Even if voters, on the whole, want Congress to protect these immigrants from deportation, they don’t have much faith in the legislative branch to act. Only 17 percent say they are very confident Congress will pass such a measure in the next six months, with another 23 percent saying they are somewhat confident. But more voters are either not too confident (29 percent) or not confident at all (14 percent) Congress will be able to act in the next six months to protect them from deportation.

More voters now trust Democrats in Congress to handle immigration, 40 percent, than the 38 percent who trust Republicans. That is within the poll’s margin of sampling error of plus or minus 2 percentage points, though it’s the first time since the POLITICO/Morning Consult poll began asking the question earlier this year that Democrats have led on it.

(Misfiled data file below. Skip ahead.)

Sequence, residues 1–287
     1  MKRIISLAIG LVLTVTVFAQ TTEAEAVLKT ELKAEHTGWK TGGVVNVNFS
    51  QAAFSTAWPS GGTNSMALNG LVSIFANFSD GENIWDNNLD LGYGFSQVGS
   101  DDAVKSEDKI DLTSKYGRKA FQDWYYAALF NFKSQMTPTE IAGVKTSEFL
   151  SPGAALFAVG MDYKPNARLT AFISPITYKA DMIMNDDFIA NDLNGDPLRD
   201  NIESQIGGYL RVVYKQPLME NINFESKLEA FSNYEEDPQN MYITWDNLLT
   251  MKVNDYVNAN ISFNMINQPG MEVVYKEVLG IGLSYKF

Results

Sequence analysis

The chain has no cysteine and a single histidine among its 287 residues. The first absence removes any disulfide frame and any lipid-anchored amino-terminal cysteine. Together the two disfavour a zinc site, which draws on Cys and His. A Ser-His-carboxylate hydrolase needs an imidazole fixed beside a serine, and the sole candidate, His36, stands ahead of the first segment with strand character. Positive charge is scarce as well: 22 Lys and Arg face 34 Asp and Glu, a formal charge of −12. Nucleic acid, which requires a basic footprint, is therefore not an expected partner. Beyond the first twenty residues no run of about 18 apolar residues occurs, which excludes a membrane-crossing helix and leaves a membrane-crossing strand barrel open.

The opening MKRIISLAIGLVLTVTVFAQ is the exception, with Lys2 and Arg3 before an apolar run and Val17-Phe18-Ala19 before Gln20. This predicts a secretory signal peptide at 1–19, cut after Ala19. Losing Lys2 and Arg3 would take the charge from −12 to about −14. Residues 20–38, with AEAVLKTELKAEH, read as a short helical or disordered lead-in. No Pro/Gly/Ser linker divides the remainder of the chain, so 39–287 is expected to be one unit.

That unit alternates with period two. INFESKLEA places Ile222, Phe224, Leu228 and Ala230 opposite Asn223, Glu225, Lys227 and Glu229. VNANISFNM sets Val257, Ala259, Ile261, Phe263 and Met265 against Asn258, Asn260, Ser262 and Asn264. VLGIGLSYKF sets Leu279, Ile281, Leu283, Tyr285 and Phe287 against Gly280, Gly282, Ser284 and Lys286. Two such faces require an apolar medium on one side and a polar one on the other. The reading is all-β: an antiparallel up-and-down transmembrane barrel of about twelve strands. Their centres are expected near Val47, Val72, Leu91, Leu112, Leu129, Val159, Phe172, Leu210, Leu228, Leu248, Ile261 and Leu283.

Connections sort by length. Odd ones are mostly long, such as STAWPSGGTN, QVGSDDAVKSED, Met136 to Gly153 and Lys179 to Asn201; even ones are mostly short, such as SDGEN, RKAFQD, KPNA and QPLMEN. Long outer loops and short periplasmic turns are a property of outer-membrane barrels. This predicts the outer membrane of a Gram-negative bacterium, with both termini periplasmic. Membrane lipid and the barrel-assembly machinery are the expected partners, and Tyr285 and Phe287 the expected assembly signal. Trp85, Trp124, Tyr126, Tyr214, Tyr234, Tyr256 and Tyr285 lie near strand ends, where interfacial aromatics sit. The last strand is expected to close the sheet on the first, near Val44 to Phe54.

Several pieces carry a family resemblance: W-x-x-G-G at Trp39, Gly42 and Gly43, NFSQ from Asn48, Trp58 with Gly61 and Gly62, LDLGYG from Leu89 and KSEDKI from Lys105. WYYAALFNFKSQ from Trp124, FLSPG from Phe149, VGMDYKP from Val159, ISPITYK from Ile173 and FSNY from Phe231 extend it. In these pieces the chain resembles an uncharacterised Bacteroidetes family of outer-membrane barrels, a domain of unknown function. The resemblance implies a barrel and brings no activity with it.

Looking deeper into the poll, we also find that 45% of voters say that President Trump’s decision to end the Deferred Action For Childhood Arrivals (DACA) program was the right thing to do and that only 35% think it was the right thing to do. This view is generally universally held across nearly all demographic groups, including Independent voters (30% “right thing” v. 46% “wrong thing”), with the exception of self-identified Republicans (57% “right thing” v. 24% “wrong thing”), self-identified conservatives (57% “right thing v. 23% “wrong thing”), and Trump voters (62% “right thing” v. 19% “wrong thing). Additionally, 73% of voters favor Congressional action of some kind that would allow Dreamers to stay in the United States, with the majority supporting legislation that would allow them to pursue citizenship at some point. This is also generally universally held, and even a majority of Republicans (51%) and Conservatives (50%) favor the citizenship option as opposed to a bill that would limit Dreamers to obtaining legal resident status. Support for a path to citizenship is also strong among Tea Party supporters (45%) and Trump voters (41%). These numbers are largely consistent with polls that were released last week after the Trump Administration announced that the DACA program would be ended in six months absent Congressional action. Those polls also found majority